The credit crisis shows regulatory gaps need to be closed on credit default swaps and investment bank supervision, the chairman of the U.S. Securities and Exchange Commission said on Thursday.
“The lessons of the credit crisis all point to the need for strong and effective regulation, but without major holes and gaps,” Christopher Cox told the House of Representatives Oversight and Government Reform Committee.
Cox also said he “strongly” supported a merger between his agency and the Commodity Futures Trading Commission.
SEC Chairman Christopher Cox said a select committee on financial services regulatory reform should be appointed and should explore the merger of the two agencies.
“It could tackle the challenge of merging the SEC and the CFTC, which I strongly support,” Cox said. “This would bring futures within the same general framework that currently governs economically similar securities.”
But Cox’s pleas for more regulation did not satisfy some lawmakers who said he and other regulators should have done more to prevent the current financial turmoil.
“Where have you been all these years?” said Rep. Elijah Cummings, a Democrat from Maryland.
Committee Chairman Henry Waxman said he agreed with many of Cox’s suggestions, but said either Cox didn’t see any of the warning signs or was blinded by ideology. “The reality is Mr. Cox you weren’t doing that job,” said Waxman, a California Democrat.
Cox, who has headed the SEC since August of 2005, reiterated pleas to give the SEC authority to regulate the fast-growing $55 trillion credit default swap market, which has been blamed for exacerbating the financial meltdown.
Used to insure against bond default risk, swaps are so large and their terms are so poorly understood that they played a key role in freezing up the credit markets.
He said split legislative jurisdictions for the SEC and CFTC have created gaps among financial regulation, especially in the swaps market. “This long-running turf battle is one of the reasons that credit default swaps aren’t regulated,” he said.
Cox also urged Congress to assign a regulator to supervise investment bank holding companies, a business model that has largely disappeared in a brutal Wall Street shakeout.
“It was a fateful mistake in the Gramm-Leach-Bliley Act that neither the SEC nor any regulator was given the statutory authority to regulate investment bank holding companies other than on a voluntary basis,” Cox said. The 1999 act deregulated the banking industry.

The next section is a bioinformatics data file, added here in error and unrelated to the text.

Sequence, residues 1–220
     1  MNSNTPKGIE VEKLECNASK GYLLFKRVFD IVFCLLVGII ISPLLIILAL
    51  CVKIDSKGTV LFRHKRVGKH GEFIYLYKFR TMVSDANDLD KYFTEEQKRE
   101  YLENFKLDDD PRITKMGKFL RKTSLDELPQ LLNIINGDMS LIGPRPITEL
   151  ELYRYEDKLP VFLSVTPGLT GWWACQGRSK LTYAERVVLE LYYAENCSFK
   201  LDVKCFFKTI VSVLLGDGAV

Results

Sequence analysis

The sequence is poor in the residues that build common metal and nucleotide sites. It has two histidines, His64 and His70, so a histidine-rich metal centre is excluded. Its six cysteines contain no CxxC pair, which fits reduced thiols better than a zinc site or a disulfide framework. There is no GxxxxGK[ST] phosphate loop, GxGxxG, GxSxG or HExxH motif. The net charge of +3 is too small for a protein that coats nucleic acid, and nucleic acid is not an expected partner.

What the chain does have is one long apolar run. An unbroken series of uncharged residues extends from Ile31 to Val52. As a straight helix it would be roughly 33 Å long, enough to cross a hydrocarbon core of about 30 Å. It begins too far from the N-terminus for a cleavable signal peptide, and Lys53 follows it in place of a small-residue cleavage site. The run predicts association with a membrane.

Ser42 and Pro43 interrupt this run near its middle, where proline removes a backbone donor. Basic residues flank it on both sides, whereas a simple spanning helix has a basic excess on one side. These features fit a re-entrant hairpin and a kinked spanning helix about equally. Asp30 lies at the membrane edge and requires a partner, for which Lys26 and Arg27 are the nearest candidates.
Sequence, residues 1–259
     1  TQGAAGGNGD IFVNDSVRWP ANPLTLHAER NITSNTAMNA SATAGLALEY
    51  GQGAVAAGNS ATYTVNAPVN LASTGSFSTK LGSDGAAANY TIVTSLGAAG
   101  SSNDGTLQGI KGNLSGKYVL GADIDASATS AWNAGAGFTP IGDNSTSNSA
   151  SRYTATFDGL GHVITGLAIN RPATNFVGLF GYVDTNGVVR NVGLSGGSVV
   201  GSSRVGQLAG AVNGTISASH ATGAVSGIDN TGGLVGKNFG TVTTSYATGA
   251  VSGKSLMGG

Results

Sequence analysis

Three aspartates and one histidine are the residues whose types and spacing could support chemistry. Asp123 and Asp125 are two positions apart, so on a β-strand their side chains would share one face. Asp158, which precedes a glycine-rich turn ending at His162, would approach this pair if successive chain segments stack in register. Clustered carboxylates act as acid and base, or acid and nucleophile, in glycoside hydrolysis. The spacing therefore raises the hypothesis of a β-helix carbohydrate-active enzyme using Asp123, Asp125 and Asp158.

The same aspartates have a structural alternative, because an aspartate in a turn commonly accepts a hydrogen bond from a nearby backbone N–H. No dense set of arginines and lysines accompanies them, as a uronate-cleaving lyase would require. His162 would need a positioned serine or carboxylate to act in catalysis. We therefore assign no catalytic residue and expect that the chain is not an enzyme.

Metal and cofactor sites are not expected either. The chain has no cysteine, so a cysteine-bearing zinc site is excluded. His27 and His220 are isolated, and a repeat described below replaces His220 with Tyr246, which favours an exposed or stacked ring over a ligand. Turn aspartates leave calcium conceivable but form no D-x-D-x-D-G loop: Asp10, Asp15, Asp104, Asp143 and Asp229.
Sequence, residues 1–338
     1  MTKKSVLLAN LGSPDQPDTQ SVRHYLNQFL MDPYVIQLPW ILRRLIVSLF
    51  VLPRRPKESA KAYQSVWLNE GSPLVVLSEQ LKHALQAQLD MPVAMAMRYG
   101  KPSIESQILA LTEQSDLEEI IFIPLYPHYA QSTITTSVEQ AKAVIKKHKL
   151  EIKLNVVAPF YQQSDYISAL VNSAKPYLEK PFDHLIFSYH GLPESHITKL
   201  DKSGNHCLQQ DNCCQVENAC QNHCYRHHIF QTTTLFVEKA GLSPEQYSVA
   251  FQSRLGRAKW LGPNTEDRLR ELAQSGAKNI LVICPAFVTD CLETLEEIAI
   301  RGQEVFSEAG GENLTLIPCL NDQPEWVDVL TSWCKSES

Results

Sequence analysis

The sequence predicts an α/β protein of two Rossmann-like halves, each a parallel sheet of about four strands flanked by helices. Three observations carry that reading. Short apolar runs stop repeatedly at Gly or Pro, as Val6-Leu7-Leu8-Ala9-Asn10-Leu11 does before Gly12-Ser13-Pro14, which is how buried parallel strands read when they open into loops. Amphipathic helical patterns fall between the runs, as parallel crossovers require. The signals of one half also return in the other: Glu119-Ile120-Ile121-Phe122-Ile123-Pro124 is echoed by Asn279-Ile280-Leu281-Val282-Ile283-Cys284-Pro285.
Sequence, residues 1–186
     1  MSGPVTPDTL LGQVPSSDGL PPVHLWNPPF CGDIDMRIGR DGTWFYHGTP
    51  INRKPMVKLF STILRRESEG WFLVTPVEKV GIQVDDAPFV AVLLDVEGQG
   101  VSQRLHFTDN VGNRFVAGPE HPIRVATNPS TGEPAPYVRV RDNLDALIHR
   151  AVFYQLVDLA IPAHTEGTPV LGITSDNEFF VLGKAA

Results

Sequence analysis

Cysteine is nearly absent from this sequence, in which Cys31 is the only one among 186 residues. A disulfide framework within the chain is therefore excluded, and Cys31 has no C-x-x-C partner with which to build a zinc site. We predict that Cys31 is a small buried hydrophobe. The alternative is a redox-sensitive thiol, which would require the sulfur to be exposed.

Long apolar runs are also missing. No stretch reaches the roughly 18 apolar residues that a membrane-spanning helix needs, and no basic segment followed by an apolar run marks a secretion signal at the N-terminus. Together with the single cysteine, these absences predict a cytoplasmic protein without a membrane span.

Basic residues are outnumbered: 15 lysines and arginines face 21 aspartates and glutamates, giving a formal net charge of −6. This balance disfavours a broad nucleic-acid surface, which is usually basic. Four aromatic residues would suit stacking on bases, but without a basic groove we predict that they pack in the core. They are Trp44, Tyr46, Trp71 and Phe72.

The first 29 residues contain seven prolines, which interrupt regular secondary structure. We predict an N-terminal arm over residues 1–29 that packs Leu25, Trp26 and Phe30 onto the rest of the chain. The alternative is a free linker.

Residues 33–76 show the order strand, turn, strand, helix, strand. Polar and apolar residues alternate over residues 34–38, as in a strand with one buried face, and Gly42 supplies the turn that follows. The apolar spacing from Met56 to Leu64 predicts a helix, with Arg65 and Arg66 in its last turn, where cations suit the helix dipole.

The SEC ended its voluntary program to supervise the five largest investment banks earlier this year after Lehman Brothers Holdings Inc. filed for bankruptcy, Bear Stearns was sold to JPMorgan Chase & Co., Merrill Lynch & Co. Inc. was acquired by Bank of America Corp. and Goldman Sachs Group Inc. and Morgan Stanley reorganized into bank holding companies.
Cox said he would have done a number of things differently, knowing what he knows now, including working with Congress to close regulatory gaps in credit default swap oversight.
Cox said he would have wanted to question every one of the assumptions behind SEC’s investment bank supervisory program and said he would have worked even more aggressively for legislation requiring stronger disclosure to investors in municipal securities.
Cox suggested that Congress set up a committee on financial services regulatory reform that would cut across the existing jurisdictional boundaries.
Currently banking, insurance and securities fall under the purview of the banking and financial services committees in the Senate and the House. The agriculture committees have jurisdiction over futures.
“This jurisdictional split threatens to forever stand in the way of rationalizing the regulation of these products and markets,” Cox said.
(Additional reporting by Kim Dixon and Karey Wutkowski; Editing by Brian Moss and Tim Dobbyn)